Introductory sentences problematic

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Hi Kim and Wayne,

We made a decision to not use in-text citations (that is, (Lessig, 2004)) in these learning materials, as the purpose is for learning (not reporting research results); learners who are not used to reading research papers may find them distracting.

As we introduced Lawrence Lessig in an earlier module in the course, I wonder if it would be useful to revise the sentence to specifically refer to Lessig as promoting this idea. This way we retain having his name in the text, and can delete the in text reference. For example:

In his book Free Culture. How big media uses technology and the law to lock down culture and control creativity, Lawrence Lessig explains that the default, © copyright all rights reserved (applicable in most countries) contradicts the original purpose of copyright: to promote progress in science and the useful arts - a public good. The purpose is not to enrich publishers or authors, or to grant them undue influence on development and distribution of culture.[1]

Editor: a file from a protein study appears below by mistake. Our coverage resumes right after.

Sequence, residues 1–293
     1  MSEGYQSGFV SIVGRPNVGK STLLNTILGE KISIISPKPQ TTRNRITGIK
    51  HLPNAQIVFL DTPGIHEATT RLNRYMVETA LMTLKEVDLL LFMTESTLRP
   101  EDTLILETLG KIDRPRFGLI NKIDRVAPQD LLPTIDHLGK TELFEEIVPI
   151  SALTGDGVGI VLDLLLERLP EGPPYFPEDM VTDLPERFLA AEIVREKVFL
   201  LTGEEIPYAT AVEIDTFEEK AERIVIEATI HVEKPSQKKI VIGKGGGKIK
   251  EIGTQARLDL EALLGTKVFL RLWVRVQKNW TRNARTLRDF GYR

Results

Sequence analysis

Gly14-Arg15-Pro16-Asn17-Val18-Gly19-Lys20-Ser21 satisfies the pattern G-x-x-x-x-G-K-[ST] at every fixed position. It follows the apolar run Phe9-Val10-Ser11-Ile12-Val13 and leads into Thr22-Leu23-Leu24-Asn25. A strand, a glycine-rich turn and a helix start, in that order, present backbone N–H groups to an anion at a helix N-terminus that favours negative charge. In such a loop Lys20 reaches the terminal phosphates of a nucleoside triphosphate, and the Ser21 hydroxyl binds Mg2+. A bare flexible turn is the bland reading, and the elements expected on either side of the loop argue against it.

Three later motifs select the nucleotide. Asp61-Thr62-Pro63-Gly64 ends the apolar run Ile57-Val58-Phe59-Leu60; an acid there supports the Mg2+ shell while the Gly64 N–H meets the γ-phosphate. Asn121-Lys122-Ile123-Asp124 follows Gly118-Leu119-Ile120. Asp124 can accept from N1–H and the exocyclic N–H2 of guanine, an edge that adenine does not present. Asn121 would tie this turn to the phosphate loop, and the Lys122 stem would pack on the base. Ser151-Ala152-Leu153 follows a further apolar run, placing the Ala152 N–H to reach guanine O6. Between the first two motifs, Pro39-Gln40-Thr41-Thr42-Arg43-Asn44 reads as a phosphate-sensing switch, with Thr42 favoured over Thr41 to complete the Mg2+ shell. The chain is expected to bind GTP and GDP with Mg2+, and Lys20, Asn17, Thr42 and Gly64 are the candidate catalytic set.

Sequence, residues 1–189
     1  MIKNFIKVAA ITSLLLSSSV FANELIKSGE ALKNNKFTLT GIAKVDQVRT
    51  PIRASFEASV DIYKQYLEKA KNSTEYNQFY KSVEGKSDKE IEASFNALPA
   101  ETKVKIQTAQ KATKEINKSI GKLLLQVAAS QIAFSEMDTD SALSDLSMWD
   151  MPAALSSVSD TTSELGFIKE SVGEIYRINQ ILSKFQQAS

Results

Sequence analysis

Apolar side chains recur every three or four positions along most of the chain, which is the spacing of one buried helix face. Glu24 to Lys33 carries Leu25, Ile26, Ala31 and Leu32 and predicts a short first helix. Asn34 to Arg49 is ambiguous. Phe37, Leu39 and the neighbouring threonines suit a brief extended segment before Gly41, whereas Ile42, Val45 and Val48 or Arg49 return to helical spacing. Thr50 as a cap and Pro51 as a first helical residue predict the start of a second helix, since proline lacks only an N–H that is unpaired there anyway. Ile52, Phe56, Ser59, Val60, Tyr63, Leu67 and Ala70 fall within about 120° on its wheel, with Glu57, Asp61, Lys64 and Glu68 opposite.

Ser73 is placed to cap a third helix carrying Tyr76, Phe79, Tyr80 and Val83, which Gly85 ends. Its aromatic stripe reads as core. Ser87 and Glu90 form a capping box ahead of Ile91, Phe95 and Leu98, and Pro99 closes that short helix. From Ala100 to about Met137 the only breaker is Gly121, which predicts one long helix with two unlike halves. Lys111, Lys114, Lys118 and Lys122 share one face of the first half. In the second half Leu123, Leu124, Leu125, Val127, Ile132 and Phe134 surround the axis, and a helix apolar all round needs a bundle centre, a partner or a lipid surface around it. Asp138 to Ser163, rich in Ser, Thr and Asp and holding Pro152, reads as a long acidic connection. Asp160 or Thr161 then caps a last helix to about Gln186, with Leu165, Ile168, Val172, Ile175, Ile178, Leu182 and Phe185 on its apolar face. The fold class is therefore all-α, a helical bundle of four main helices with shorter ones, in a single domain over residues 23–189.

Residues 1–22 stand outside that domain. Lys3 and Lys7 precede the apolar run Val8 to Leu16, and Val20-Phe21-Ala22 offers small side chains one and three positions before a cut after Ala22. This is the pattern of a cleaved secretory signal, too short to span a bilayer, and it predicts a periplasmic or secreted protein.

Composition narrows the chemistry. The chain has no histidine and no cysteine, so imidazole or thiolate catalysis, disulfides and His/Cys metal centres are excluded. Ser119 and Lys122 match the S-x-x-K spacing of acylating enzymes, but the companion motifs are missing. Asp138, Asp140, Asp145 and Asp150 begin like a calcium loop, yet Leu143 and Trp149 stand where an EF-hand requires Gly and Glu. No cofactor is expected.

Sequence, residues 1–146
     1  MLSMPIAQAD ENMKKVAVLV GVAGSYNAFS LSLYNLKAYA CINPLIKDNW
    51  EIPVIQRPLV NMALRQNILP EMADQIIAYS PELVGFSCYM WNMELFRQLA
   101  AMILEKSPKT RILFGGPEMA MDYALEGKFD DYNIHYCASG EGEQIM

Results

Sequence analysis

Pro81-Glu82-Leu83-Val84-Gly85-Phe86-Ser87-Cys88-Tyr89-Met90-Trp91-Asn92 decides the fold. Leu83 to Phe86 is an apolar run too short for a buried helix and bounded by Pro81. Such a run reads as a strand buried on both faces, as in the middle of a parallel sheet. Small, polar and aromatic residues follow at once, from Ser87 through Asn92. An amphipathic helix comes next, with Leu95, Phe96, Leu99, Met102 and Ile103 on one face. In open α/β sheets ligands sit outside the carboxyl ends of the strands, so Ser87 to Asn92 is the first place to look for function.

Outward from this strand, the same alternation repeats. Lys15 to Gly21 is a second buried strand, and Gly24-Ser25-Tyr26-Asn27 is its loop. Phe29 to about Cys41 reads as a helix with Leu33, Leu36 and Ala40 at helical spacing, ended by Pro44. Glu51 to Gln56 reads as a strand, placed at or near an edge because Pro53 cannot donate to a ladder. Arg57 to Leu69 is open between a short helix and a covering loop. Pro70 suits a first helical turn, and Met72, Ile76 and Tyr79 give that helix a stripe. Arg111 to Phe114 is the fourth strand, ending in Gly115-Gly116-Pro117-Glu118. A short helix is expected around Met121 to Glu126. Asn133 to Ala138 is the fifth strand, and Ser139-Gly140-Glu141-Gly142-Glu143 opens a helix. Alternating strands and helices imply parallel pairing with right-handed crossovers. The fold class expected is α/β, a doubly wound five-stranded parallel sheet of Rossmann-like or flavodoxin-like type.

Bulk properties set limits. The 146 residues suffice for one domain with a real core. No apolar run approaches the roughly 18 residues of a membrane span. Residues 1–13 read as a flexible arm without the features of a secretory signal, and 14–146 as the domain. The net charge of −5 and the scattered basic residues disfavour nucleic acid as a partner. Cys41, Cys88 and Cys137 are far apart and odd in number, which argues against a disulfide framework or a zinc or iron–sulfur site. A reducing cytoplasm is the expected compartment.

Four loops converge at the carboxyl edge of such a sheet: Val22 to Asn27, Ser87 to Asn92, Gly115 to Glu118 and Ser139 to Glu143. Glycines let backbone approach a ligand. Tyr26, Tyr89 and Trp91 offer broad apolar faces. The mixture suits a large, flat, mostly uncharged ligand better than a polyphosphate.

I'm also fine with just deleting the in-text citation, leaving the link to the reference.

One more suggestion: It think we should delete the comma after "default" --reads better.

Let me know your thoughts.

Alison

ASnieckus (talk)18:15, 3 July 2012

Hi Alison,

You're amazing! I am happy with all your suggestions. It's important to remain consistent.

Thanks :-)

W

Mackiwg (talk)22:36, 3 July 2012

Thanks....but really not (blush). I'll make the change.

Alison

ASnieckus (talk)13:08, 4 July 2012

I made one further change....put the name of the default in quotes. I think it helps learners see that this is the default phrase:

'...the default "© copyright all rights reserved" (applicable in most countries) contradicts...."

I like how this new lead-in in the introduction previews the contents of the module, namely the history page. Good addition.

Alison

ASnieckus (talk)13:21, 4 July 2012

Thanks Alison and Wayne :-)

KTucker (talk)00:55, 9 July 2012